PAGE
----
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Reshaping the public service bargain in Queensland 2009-2014: Responding to austerity?
journal contributionposted on 06.12.2017, 00:00 by Linda ColleyLinda Colley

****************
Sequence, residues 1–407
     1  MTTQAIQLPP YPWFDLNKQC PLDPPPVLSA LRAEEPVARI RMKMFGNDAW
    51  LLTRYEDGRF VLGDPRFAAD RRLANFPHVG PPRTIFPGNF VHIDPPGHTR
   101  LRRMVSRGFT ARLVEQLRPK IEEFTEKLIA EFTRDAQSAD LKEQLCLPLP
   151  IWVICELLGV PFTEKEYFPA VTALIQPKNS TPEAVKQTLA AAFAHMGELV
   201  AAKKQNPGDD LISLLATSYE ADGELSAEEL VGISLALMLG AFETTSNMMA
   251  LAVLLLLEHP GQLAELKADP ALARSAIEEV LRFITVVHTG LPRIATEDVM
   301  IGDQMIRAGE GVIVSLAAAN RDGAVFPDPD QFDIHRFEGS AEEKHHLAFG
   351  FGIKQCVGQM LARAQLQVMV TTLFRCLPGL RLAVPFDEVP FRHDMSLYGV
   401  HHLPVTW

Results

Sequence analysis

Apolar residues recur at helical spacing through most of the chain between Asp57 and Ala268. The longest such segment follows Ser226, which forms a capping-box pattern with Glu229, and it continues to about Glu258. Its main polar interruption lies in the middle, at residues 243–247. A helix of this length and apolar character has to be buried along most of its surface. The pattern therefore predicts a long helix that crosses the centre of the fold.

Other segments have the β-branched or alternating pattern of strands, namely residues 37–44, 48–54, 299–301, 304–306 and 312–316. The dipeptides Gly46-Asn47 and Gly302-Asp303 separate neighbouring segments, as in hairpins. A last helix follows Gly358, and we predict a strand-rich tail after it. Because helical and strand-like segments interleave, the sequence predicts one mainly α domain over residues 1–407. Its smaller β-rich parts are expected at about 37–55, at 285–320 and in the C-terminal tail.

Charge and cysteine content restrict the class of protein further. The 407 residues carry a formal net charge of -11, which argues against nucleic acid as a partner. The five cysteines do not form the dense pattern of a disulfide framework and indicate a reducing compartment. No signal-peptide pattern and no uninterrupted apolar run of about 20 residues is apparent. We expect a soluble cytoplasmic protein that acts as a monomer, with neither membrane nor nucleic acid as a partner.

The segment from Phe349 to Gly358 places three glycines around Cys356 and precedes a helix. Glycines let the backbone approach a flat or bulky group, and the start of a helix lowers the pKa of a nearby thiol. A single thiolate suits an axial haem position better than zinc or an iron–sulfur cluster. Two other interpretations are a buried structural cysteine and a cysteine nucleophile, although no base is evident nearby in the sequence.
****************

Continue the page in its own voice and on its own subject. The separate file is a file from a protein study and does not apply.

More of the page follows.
This is a study of the renegotiation of pay, employment security, and of the relationship between government and public sector unions, in an Australian state public service during and after the global financial crisis. It examines the extent to which this renegotiation of the ‘public service bargain’ was necessitated by austerity requirements, and the extent to which the crisis provided an opportunity for the deprivileging of public employment that has been an enduring feature of the neoliberal state. A case study of the different approaches of two Queensland governments to their relationships with public sector workers between 2009 and 2014, it tracks two key measures of wages and staff numbers, as well as the consequences of breaches of the trust relationships of the traditional public sector bargain. Given the moderate nature of Australia’s economic downturn, the implementation of public service austerity measures was less an economic necessitythan an opportunity for a conservative government to alter employment policies andsever union relationships. This continuation of public sector employment relations favoured by previous conservative governments had electoral consequences.